All people who volunteered to participate signed an informed consent form. A total of 320 men and women who met the inclusion criteria were recruited into the study between December 1999 and January 2002, and data collection continued until July 2002. The focus of the current study was on seizure events that occurred during or after the assessments; any person reporting a seizure at the study site or later in the day after leaving the study site was included in the analysis. A descriptive analysis was completed on the 14 participants who reported seizures during this time period. The institutional review boards of all participating institutions approved this study.
The 320 participants were 19‐74 years of age, with a mean age of 43.7 years. About 52% were men, 82% were white, and 75% had reported at least one seizure during the past year (DiIorio et al., 2006).
Out of a possible 960 computer‐based assessments scheduled for the study, 862 (89.8%) were completed on the computer, and 34 (3.5%) were completed on paper or by telephone. The paper version of the assessment was used for a small number of subjects who did not want to use the computer or could not access a computer when it was available. Telephone assessments were conducted with participants who were not able to come to the study site at the required times for follow‐up assessments. The remaining 64 (6.7%) assessments were not completed because subjects withdrew from the project or missed a follow‐up assessment (Table 1).
Seizure events occurred either during or after 14 assessments, representing 1.6% of all completed interviews (N = 896). Fourteen participants experienced seizures, with 6 reporting seizures at the baseline interview, 7 at the 3‐month interview, and 1 at the 6‐month interview (Table 2). These participants ranged in age from 21‐57 years with a mean age of 41.4 years (Table 3). About 71% were women, 71% were white, and all had reported seizures within the past year. Four participants experienced simple or complex partial seizures (28.6%), 3 had generalized seizures (21.4%), and the remaining seizures were not classified (n = 5, 35.7%).
Of these 14 participants, 12 attributed their seizures to precipitating factors such as fatigue, hunger, stress, or medication change. Two had seizures not associated with computer use; 1 had a seizure at the beginning of the assessment during background information collection, while a second participant experienced a seizure while completing a paper version of the assessment. These 12 participants expressed a strong desire to continue in the study, and after receiving approval from their physicians, they were allowed to complete the next scheduled interview(s). Five participants successfully completed two additional interviews, and 6 completed one additional interview without seizures. Among this group, the physician assessment of the events indicated that most were judged to be unrelated to the interview or that the relationship to the interview was “unknown.” Only two events were considered possibly related to the computer interview.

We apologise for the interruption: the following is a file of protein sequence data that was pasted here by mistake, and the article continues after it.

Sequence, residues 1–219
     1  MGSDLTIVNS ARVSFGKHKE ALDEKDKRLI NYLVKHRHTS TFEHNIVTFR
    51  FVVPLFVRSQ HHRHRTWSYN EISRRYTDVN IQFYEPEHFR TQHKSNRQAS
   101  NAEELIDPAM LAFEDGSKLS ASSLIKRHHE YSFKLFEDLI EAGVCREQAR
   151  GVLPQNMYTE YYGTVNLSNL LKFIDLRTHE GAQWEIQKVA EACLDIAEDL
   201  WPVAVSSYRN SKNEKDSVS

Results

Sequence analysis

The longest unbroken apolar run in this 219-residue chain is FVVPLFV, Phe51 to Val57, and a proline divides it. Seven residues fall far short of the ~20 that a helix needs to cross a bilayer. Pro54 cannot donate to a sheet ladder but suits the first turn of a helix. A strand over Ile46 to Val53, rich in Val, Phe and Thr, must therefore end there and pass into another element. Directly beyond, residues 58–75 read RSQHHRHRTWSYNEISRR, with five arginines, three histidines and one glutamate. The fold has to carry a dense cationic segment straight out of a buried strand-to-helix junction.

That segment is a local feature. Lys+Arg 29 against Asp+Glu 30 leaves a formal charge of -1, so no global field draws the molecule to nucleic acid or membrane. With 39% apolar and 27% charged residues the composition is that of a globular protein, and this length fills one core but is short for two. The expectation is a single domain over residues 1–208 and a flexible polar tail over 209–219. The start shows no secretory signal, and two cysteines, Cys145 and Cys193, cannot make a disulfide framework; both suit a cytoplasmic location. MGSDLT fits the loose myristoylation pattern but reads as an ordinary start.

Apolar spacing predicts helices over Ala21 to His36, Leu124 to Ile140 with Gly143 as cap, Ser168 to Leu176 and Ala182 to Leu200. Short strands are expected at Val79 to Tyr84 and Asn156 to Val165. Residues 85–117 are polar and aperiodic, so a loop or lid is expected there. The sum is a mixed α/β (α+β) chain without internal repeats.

Two of the 14 participants believed the computer might have been a factor in triggering their seizures. Both individuals withdrew from the study after consulting with their physicians. One participant said visual and auditory stimulation during the baseline cognitive function testing triggered the seizure. The physician who reviewed the event agreed it may have been related to the interview. The second participant reported “feeling funny” when she used the computer. These seizures occurred after the 3‐month interview was completed, however. At the initial screening, this participant did not report a history of seizures during computer use to the study staff and did not have a seizure at the baseline assessment. A physician determined the seizure was “probably not” related to computer use, but perhaps tied to medication change and fatigue.
The purpose of this study was to monitor seizure events during the computer‐based assessments conducted as part of a larger study on epilepsy selfmanagement and to determine if there was an association between computer use and seizure events. The results of this study indicate that seizures did occur during assessments, with 11 of the 14 participants with seizures reporting events during a computer‐based assessment. Of the remaining 3 participants, 1 reported a seizure while completing background information (which occurred during an interview with the study staff), 1 experienced a seizure while completing a paper version of the assessment, and the final participant had a seizure after taking the computer‐based assessment. The number of computer‐based assessments in which a seizure occurred represents about 1.6% of all the completed computer‐based assessments. The low percentage of seizure episodes in this study suggests computer‐based assessments may pose minimal risks for adults with a history of seizures.
The risk of seizure events during an assessment or intervention exists regardless of interview method, as demonstrated by the 3 participants who experienced seizures even though they were not using the computer at the time of their seizures.
The low percentage of seizure episodes in this study suggests computer‐based assessments may pose minimal risks for adults with a history of seizures.